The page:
Waste pickers are a vital part of the waste management system in Bangalore; they contribute both environmentally and economically to the society by picking up, cleaning, sorting and segregating recyclable waste and selling it further up the value chain.
Still, waste pickers rank lowest in the hierarchy of urban, informal occupations in India and they struggle to lead healthy and productive lives. Many waste pickers endure a difficult everyday reality, including regular harassment and extortion. As a result many waste pickers, who serve an important societal function, lack self-esteem and social dignity.
Upgrading the view of waste pickers
In our multi-partner collaboration to improve the lives for the waste picker community in Bangalore we take a holistic approach working in various aspects such as social security, education and innovation. One important piece of the puzzle is to work with the perception of waste pickers.
There is a need to shift the way waste pickers are looked upon, and how they themselves think about their work, going from transient, daily wage work, that is seen as “dirty” – to important, skilled work that contributes to society and the environment.
Here, communication is a powerful force for positive change and to challenge prejudices. By using social and traditional media, and engaging influencers to amplify the message, BBC Media Action works to improve professional pride within this sector. The general population of Bangalore is encouraged to respect and value waste picking and waste pickers, and are also given a better understanding of waste and waste streams.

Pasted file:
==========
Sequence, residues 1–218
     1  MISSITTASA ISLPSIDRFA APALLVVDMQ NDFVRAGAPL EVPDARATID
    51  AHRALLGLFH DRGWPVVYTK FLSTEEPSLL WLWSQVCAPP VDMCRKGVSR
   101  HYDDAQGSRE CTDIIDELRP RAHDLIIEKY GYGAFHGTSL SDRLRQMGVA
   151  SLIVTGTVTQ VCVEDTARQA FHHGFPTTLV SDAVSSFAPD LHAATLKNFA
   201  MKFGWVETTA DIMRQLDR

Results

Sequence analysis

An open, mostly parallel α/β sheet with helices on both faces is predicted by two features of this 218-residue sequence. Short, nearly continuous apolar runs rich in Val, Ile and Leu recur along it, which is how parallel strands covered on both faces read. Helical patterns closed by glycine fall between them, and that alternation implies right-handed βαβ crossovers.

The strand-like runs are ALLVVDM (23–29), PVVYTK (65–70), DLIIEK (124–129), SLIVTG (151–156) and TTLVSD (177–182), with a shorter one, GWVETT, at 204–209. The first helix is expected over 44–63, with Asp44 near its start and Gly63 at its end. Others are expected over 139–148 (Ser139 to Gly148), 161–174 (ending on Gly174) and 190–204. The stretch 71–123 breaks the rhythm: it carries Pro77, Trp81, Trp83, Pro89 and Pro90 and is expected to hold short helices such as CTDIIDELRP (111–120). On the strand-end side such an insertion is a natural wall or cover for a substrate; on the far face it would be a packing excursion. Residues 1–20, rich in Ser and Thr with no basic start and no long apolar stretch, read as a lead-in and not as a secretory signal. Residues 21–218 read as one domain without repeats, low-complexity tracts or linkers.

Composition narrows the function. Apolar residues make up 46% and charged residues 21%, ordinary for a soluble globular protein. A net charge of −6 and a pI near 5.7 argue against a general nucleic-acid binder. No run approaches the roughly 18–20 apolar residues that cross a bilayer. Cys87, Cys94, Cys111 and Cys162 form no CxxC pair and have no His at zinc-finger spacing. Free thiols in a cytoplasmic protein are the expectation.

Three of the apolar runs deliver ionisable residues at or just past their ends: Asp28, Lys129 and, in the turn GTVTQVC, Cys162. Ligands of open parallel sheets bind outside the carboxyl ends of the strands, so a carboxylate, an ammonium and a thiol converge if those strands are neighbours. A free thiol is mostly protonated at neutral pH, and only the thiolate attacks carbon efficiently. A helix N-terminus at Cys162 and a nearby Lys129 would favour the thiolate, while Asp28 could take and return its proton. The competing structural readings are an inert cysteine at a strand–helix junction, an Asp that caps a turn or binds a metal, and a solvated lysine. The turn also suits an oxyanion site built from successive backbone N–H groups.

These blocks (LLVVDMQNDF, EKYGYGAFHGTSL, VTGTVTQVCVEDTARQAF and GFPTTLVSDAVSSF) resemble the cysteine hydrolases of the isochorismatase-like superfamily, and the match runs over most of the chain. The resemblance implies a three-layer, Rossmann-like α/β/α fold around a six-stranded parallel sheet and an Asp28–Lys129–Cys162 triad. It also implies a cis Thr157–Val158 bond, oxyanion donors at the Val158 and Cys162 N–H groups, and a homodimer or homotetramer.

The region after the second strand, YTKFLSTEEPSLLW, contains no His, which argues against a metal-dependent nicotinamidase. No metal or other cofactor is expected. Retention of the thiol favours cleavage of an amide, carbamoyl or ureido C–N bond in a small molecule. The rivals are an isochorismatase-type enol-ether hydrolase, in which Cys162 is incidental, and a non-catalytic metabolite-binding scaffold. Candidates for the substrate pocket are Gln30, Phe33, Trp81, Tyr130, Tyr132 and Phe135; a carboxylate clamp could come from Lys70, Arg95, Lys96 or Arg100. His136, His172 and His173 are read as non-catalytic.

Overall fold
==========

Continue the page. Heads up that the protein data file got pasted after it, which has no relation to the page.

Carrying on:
During the spring 2021 BBC Media Action launched “Invaluables” – a communication initiative aiming to shift the way the population think about waste pickers. Central to the initiative is a social experiment revealing the “Invaluable” friends in Bengaluru; friends who always stood by them, but that they never knew they had.
Another important parameter is working to change the way waste pickers think about their own work, to recognize and celebrate the part they play as critical contributors to both society and the economy. We believe that changing attitudes from both ends in this way will lead to greater dignity and wider social acceptance of this group of people.